Since its 1957 inception, the Rawlings Gold Glove Award has been a welcome addition to Major League Baseball’s annual recognition process, while also being a source of controversy at times. Those considered to be the best defensive players by position by league are selected annually via a vote of MLB managers and coaches.
Despite this seemingly-knowledgeable voting constituency, there have been a number of questionable winners over the years. Perhaps most notable was the selection of Rafael Palmeiro following a season in which he was almost exclusively a designated hitter.
In fact, the difficulty of separating hitting from defense has been perhaps the award's greatest challenge over time. It has seemed that to win a Gold Glove, one must also have a good season with the bat, and if not, the chance of winning the top defensive award is dramatically decreased.
Recognizing that a lack of readily-available defensive metrics may be one reason offense is being overly considered, Rawlings and the Society of American Baseball Research (SABR) established a partnership. The idea was to bring in an impartial party to adjust the existing process rather than scrap it entirely.
A committee of seven sabermetric experts was convened to study the issue and developed what they call the SABR Defensive Index, or SDI. At its essence, the SDI is expressed by the number of runs a fielder "saves" his team.
By definition, the construction of the SDI is complicated, however, as it takes into account information from a number of sources - from batted ball, location-based data (70 percent weighting) and from play-by-play accounts (30 percent). The three metrics representing batted ball data include Defensive Runs Saved from Baseball Info Solutions, Ultimate Zone Rating developed by Mitchel Lichtman, and Runs Effectively Defended built by SABR member Chris Dial. The two metrics from play-by-play data are Defensive Regression Analysis, created by Michael Humphreys, and Total Zone Rating.
What these fielding metrics capture include a fielder's range, throwing arm, sure-handedness, ability to turn double plays, ability to convert bunts into outs, scoops of throws in the dirt as well as the number of "excellent" and "poor" fielding plays.
For outfielders, the ability to prevent runners from taking an extra base is rated. For catchers, blocking balls in the dirt and stolen bases/caught stealing are also included. A pitcher’s ability to control the running game by holding runners on base is also measured.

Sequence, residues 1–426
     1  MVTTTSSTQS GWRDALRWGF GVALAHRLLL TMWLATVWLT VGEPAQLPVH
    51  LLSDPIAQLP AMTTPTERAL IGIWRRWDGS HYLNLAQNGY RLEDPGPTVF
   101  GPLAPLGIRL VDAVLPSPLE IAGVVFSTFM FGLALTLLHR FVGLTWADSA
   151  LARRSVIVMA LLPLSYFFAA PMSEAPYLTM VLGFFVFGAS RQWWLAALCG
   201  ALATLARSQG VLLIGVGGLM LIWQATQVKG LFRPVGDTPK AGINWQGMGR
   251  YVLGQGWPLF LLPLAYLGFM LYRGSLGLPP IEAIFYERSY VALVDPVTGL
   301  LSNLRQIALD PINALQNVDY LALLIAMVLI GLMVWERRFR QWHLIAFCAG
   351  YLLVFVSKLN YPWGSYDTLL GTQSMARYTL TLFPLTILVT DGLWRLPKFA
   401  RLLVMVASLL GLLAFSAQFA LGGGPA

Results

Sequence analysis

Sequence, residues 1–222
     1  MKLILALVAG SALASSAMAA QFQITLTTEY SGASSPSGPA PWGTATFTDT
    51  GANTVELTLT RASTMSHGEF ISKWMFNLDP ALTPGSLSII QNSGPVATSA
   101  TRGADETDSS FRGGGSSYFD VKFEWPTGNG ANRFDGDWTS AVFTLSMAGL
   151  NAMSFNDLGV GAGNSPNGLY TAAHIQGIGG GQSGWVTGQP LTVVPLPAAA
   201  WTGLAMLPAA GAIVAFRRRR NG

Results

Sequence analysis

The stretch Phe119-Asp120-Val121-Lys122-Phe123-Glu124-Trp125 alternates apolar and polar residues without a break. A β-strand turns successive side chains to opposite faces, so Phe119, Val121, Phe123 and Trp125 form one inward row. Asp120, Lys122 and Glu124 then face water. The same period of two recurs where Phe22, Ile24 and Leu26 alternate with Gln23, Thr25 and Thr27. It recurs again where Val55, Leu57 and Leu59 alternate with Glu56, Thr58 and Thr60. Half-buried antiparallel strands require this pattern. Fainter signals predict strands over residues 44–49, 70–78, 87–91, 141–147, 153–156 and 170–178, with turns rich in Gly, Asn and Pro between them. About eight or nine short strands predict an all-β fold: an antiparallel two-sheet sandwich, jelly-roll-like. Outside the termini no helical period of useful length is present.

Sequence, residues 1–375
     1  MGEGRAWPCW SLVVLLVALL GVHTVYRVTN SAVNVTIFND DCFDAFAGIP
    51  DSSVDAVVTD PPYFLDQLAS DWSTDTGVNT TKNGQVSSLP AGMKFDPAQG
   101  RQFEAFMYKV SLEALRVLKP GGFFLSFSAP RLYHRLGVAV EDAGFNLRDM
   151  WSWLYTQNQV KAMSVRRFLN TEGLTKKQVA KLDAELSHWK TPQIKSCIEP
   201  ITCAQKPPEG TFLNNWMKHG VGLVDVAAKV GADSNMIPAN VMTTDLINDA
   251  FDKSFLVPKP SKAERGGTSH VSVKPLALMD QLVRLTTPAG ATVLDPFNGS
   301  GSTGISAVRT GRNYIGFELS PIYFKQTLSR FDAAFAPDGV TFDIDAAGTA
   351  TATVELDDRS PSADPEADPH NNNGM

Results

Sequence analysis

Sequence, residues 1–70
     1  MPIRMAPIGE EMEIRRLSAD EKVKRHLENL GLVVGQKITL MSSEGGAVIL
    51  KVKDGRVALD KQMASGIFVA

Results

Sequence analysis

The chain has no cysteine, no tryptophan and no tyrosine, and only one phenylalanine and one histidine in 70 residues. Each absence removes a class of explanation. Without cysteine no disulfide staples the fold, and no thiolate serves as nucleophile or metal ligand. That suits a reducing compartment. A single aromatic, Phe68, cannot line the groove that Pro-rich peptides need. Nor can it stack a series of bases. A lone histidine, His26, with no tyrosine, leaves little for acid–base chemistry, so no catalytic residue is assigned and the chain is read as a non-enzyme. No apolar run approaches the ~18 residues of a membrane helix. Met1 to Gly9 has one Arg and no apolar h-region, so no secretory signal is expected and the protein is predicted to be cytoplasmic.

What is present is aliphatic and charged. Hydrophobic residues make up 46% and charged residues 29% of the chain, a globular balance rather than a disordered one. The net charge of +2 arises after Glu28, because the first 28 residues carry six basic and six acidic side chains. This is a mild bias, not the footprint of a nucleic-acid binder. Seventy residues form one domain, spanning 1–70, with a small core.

In terms of Gold Glove Award weighting, the SDI will be worth 30 total "votes.” That represents approximately 25 percent of the scoring, which will be added to the traditional votes from the managers and coaches.
SDI results will also be provided up front to help the voters. A statistical resource guide will accompany the Gold Glove Award ballots sent to managers and coaches. Whether or not they actually use it remains to be seen.
The 2013 Rawlings Gold Glove Award winners will be announced on October 29 – the first time we will see if including sabermetric defensive stats leads to a better set of winners.
The SDI will also be used in comparing players across positions to help determine the updated Rawlings Platinum Glove Award, for the single best Gold Glove Award winner.
At this point, the Platinum Glove Award voting process has not yet been announced, but the online fan vote will continue once the Gold Glove Award winners are revealed. As such, the SDI will be shared with the general public, as well. That could go a long way toward potentially increasing its acceptance by a broader cross-section of baseball observers.
In the bigger picture, perhaps if defensive metrics can be more standardized and are embraced by the baseball community as a whole over time, fantasy baseball could also incorporate a defensive component.
The SDI potentially represents a step in that direction, and for that reason, I hope it is successful.
Brian Walton was the 2009 National League Tout Wars champion, scoring the most points in the league’s 14-year history. Though he is the only one to remember or care, he also finished second in each of the two subsequent seasons. His work can also be found daily at TheCardinalNation.com and thecardinalnationblog.com. Follow Brian on Twitter.